Record Numbers Of Invasive Lionfish Removed From Florida Waters During FWC Event
By MyFWC.com // May 19, 2016
8,089 lionfish were removed
ABOVE VIDEO: The lionfish is invading Florida’s coastal waters, harming native wildlife and habitat. This non-native species has venomous spines, lacks natural predators, and is able to reproduce quickly, which allows it to dominate other fish species that compete for resources. Divers are helping researchers catch the fish to learn more about its biology and develop ways to control the population.
(MyFWC.com) – The second annual Lionfish Removal and Awareness Day Festival removed 11,032 lionfish from Florida’s coasts in May.
In Pensacola alone, 8,089 lionfish were removed in only two days at the Gulf Coast Lionfish Coalition Tournament. More than 7,000 people (more than double last year’s numbers) attended the Florida Fish and Wildlife Conservation Commission (FWC) festival, where visitors got to taste lionfish, see filet demonstrations, check out art and conservation booths and more.
Charles Meyling of Montgomery broke the state record for longest lionfish caught in Gulf waters when he brought in a 445 millimeter lionfish (previous record was 438 millimeters).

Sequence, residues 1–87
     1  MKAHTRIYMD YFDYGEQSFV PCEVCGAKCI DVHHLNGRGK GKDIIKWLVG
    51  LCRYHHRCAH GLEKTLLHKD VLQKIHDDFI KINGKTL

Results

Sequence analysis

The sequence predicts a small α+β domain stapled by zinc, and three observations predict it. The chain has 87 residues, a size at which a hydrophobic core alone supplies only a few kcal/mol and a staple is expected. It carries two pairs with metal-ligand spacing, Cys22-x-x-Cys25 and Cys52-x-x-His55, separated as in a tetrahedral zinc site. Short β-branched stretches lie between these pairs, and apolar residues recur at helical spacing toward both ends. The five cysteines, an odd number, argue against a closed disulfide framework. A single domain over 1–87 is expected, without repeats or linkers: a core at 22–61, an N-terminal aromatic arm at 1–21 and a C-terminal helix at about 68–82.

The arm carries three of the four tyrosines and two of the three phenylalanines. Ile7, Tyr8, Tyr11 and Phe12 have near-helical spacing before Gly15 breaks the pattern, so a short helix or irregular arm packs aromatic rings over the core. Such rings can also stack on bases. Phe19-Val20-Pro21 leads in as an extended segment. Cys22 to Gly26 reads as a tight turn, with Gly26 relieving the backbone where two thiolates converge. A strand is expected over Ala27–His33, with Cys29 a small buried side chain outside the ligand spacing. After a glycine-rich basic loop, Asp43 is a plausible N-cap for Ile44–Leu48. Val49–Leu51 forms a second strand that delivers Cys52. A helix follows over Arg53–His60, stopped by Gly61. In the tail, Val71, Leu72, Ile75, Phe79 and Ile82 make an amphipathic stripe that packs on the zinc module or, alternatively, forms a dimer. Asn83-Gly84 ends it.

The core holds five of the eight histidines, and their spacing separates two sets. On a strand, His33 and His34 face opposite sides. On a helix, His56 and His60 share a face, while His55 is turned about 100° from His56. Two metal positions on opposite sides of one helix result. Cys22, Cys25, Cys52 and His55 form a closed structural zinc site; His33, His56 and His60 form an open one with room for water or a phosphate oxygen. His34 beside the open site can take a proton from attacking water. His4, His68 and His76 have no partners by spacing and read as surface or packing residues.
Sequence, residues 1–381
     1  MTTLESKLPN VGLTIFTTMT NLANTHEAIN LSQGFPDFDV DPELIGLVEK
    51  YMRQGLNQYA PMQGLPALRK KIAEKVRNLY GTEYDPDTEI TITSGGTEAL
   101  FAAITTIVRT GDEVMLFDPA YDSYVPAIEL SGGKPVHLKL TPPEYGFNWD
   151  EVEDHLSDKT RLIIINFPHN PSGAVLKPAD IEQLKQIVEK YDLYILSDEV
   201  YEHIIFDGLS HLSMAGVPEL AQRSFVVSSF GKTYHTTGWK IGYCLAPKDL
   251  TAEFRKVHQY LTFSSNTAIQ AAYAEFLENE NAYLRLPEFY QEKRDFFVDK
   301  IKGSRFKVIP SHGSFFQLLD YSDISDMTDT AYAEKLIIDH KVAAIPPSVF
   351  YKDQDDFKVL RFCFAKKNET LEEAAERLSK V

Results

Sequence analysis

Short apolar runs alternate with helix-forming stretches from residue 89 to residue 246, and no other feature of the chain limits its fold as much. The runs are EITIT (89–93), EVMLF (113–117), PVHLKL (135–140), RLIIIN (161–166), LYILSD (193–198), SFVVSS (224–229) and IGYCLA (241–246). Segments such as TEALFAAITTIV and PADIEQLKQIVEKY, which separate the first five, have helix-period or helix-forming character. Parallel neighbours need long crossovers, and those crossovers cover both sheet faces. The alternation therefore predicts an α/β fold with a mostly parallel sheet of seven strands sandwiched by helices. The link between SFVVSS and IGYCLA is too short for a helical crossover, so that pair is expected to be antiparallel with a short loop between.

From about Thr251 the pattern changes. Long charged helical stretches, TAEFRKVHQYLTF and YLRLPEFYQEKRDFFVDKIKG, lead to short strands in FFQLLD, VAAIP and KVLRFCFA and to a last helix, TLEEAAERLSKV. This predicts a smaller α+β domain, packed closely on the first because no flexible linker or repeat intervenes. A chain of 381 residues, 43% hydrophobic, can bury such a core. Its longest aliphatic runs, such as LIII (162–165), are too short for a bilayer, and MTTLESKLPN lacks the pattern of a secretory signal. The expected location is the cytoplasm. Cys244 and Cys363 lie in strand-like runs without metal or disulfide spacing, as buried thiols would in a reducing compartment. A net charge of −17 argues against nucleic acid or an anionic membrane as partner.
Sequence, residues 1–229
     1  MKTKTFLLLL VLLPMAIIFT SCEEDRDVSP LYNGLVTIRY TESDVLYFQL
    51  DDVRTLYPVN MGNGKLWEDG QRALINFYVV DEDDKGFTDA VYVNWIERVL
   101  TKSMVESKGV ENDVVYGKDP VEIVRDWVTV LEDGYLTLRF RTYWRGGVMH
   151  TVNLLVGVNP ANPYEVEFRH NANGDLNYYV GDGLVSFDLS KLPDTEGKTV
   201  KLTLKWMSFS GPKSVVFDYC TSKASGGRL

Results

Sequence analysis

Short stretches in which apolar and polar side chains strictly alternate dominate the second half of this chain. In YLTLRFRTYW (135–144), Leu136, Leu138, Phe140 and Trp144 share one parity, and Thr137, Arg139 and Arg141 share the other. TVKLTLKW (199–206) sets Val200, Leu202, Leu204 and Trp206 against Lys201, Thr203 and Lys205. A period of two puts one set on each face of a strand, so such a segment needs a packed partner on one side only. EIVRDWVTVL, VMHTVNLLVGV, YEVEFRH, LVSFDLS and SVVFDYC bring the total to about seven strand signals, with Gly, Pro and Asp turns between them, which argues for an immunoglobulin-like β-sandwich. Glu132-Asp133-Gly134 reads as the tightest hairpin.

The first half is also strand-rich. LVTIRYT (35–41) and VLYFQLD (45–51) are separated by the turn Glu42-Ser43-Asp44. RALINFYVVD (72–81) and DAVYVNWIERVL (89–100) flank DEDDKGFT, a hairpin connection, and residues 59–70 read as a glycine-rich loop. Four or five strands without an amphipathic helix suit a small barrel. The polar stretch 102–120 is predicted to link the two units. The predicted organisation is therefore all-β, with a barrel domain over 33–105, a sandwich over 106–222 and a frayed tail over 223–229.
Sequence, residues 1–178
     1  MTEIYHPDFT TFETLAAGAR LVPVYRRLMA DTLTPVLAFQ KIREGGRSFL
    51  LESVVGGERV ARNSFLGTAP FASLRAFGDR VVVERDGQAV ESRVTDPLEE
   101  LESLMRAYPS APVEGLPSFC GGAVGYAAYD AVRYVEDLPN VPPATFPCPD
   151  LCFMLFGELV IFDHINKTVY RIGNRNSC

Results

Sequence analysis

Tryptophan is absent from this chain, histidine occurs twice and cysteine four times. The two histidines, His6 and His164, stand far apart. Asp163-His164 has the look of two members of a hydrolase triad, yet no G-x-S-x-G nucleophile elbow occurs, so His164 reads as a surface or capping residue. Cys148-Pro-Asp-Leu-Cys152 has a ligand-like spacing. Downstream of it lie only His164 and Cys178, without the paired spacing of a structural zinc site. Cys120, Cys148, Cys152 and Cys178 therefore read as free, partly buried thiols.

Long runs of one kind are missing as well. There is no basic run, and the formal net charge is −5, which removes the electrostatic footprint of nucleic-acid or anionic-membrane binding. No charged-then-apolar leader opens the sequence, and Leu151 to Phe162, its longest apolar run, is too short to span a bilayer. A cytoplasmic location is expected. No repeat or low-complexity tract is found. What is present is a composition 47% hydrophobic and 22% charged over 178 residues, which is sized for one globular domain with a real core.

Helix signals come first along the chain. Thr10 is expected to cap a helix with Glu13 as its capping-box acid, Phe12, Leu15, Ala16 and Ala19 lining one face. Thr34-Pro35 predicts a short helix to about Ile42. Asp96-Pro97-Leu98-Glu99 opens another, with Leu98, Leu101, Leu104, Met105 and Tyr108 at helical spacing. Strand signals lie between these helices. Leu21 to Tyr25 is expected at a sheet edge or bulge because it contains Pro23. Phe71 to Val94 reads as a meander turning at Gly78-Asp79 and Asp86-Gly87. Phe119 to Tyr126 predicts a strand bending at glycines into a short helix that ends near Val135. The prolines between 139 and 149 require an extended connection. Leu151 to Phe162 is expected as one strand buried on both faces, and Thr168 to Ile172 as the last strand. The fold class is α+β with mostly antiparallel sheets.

At FWC supported events statewide that weekend and leading up to that weekend, another 5,978 lionfish were removed for a total of 14,067 statewide (2,975 lionfish were removed statewide in 2015).
“These numbers are a great example of the agency’s efforts to get the public educated about and involved in lionfish removal,” said Jessica McCawley, Division of Marine Fisheries Management director.
“Events like this one will encourage continued involvement in proactively and successfully removing lionfish.”
Thanks to the growing interest in lionfish as a food fish, many lionfish harvested around the state will be sold commercially in places like New Orleans, Atlanta, Destin, in Florida Whole Foods, and by Edible Invaders in Pensacola.
Another selection will go to Wharton and Brandon high schools in Hillsborough County, where three students will be studying lionfish diet using DNA barcoding for an upcoming STEM fair project.
Lionfish Removal and Awareness Day (first Saturday after Mother’s Day) was created by FWC Commissioners to raise awareness about lionfish – nonnative, invasive species that have a potential negative impact on native species and habitat.
Want to help remove lionfish? Participate in the 2016 Lionfish Challenge or the Panhandle Pilot Program.
Statewide Lionfish Event Removal Totals:
655 – FSDA Lionfish Calcutta – St. Petersburg
3,478 – Northeast Florida Lionfish Blast – Jacksonville
727 – Lion Tamer Tournament – Panama City Beach
25 – Reef Environmental Education Foundation – Key Largo
31 – Sebastian Lionfish Fest – Sebastian
1,062 – Gulf Coast Lionfish Coalition Pre-Tournament – Pensacola
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